Are you looking for ways to fix a broken window? As a replacement window company, we talk to homeowners every day who ask the same question: “Can you help me fix my broken window?” Unfortunately, there’s no right answer. It really depends on the situation. To help, we’ve put together this short Window Repair or Replacement Guide!
Identifying your window problem is the first step to finding an affordable and effective “fix.” In our experience, the top three reasons we get called for window issues are:
Now that you’ve identified the issue with your window, let’s move on to what you can do about it! (Although CVP Windows & Doors does not repair or warranty other manufacturers’ windows, we can replace them, if that’s what you choose to do.).
To keep your windows in good working order, we recommend cleaning them and operating them at least once a year. Windows are meant to be opened and used! If your windows are stuck, clear away any dirt and debris that might be getting in the way. Then try lightly spraying visible hardware with a silicone dry lubricant spray.
Easy does it. Try opening your windows without using too much force. If they still don’t budge, the operating hardware may have failed. Here’s what that means:
o In single or double hung windows, the “balance” is a mechanism that supports the weight of the window sash as it is raised and lowered. The balance is also what holds the window sash securely in an open position. You may have a broken balance system if your window sashes are difficult to raise or lower, or worse, fall down when you try to open them.
o In casement windows, a crank operating system is what allows the window to swing open and closed. This system consists of a hand crank and a movable arm integrated in the window frame. If subjected to too much weight and pressure, crank gears can strip or fail. And sometimes crank handles just get lost.
How to Repair: Unfortunately, finding replacement parts for a broken window can be tough. Manufacturers use proprietary hardware, so you won’t find what you need at the local hardware store. Try to identify the brand and model number for your window. With this information, you may be able to contact the manufacturer or search online for replacement parts.
When to Replace: Look at it this way: an inoperable window is a safety hazard. Window sashes that don’t stay up can fall and cause injury. Windows that don’t lock properly are susceptible to break-ins. And in the event of an emergency, an inoperable window might prevent you from escaping your home. These are all important reasons to replace any windows in your home that don’t operate properly.
Unfortunately, to fix the glass in a broken double-pane window (even if one piece is intact) you’ll need an entirely new replacement IG.
How to Repair: If your windows are still under the manufacturer’s warranty, reach out to see if glass breakage coverage is provided. Some manufacturers offer an IG replacement service.
If your windows aren’t under warranty, no worries. Reach out to a glass company in your area. Many offer window reglazing services. When you call and schedule a repair, these companies visit your home, measure your broken window, and order a replacement IG. They’ll return to your home with the new IG and replace the glass in your existing window frame.
The process of ordering and replacing a glass IG unit in a broken window can take several weeks. While you’re waiting, be sure to cover the broken glass and secure the window to prevent injury or damage to your home.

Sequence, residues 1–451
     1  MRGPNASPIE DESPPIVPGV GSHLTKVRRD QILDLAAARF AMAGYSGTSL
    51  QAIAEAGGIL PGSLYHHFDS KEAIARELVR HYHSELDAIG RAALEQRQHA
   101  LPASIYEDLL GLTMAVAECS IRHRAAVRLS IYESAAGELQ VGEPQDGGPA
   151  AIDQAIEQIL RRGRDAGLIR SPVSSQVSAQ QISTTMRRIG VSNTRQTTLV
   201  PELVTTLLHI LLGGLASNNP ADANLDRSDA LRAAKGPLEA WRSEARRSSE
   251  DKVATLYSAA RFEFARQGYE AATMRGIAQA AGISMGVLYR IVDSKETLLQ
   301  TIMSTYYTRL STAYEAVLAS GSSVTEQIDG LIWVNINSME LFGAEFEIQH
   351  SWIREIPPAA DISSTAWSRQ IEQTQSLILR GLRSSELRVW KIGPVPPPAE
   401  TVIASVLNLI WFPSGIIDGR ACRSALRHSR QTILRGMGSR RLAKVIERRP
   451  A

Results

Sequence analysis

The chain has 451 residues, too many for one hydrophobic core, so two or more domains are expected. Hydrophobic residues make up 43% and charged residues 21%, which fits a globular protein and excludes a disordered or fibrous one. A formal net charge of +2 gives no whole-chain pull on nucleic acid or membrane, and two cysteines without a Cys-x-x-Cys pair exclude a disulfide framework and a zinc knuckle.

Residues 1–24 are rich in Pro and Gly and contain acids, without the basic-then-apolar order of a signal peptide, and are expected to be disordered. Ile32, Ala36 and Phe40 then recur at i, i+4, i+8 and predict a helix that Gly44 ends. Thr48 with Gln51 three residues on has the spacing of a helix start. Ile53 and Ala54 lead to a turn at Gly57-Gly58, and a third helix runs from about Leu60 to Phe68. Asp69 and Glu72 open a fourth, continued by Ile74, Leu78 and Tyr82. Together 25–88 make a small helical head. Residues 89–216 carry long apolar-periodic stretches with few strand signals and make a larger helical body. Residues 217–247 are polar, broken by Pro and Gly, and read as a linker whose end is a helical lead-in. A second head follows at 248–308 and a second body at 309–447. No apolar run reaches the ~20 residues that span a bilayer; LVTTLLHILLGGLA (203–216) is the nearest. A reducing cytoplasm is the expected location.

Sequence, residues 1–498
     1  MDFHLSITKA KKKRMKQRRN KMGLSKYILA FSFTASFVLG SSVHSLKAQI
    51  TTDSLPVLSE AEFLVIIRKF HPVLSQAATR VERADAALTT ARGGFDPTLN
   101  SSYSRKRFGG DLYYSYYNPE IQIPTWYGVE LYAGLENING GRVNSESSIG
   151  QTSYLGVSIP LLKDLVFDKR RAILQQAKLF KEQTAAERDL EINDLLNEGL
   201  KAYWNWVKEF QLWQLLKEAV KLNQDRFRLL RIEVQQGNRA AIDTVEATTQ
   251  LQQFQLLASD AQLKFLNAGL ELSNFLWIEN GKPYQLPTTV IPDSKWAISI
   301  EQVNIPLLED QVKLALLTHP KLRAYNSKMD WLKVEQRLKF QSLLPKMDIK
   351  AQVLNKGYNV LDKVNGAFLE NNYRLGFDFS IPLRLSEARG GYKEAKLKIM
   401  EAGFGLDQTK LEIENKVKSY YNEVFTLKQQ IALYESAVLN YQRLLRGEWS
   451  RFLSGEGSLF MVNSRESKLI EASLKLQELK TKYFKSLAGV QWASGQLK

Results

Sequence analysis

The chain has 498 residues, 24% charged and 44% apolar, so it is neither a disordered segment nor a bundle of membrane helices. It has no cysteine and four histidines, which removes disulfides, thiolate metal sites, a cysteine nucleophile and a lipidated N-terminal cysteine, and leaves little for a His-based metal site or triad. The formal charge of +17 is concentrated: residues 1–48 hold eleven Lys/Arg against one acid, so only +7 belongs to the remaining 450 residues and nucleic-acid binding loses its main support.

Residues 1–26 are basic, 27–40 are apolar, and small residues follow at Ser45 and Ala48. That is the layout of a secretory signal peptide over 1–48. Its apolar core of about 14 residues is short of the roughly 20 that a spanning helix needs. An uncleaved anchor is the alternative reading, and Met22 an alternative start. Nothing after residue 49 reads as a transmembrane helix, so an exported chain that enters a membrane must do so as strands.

When to Replace: Typically, a replacement IG is the most cost and time-efficient method for repairing broken window glass. However, if the window frame is broken, or if the window is generally in disrepair, an IG replacement may not be possible or cost effective. In this case, the next best option is replacing the entire window.
Do you have cloudy windows that never seem to clear? You’re probably dealing with seal failure and condensation in your double-pane windows.
As described above, double-pane windows have an insulated glass unit (IG) inside the frame. This unit consists of two pieces of glass separated by a spacer. In older windows, this space was just filled with dry air. In the 1990’s, IG manufacturers began filling the space between the glass with an insulating gas (typically argon). Newer windows with argon-filled IGs are more resistant to seal failure, but it can still occur.
When an IG seal fails, moist environmental air seeps into the IG. Changing temperatures cause moisture to condense on the glass and evaporate. Over time, this cycle leaves a hazy residue.
Like broken glass, seal failure cannot be fixed. Replacing the IG is the only solution.
How to Repair: If your windows are still under the manufacturer’s warranty, reach out to see if seal failure coverage is provided. Some manufacturers offer an IG replacement service.
If your windows aren’t under warranty, a glass company in your area can help. Many offer window reglazing services. These companies visit your home, measure your foggy window, and order a replacement IG. They’ll return to your home with the new IG and replace the glass in your existing window frame.
When to Replace: Seal failure occurs in older windows and worsens with time. It’s a sign that your windows aren’t as energy-efficient as they used to be. If you plan to stay in your home for the foreseeable future, you may want to invest in replacement windows. You’ll solve your cloudy window problem and get the benefit of improved comfort and energy-efficiency.
We hope this Window Repair or Replacement Guide helps you solve your broken window problems.
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As Coastal Virginia’s Custom Window & Door Company, we’re here to help homeowners in Virginia make wise home improvement decisions.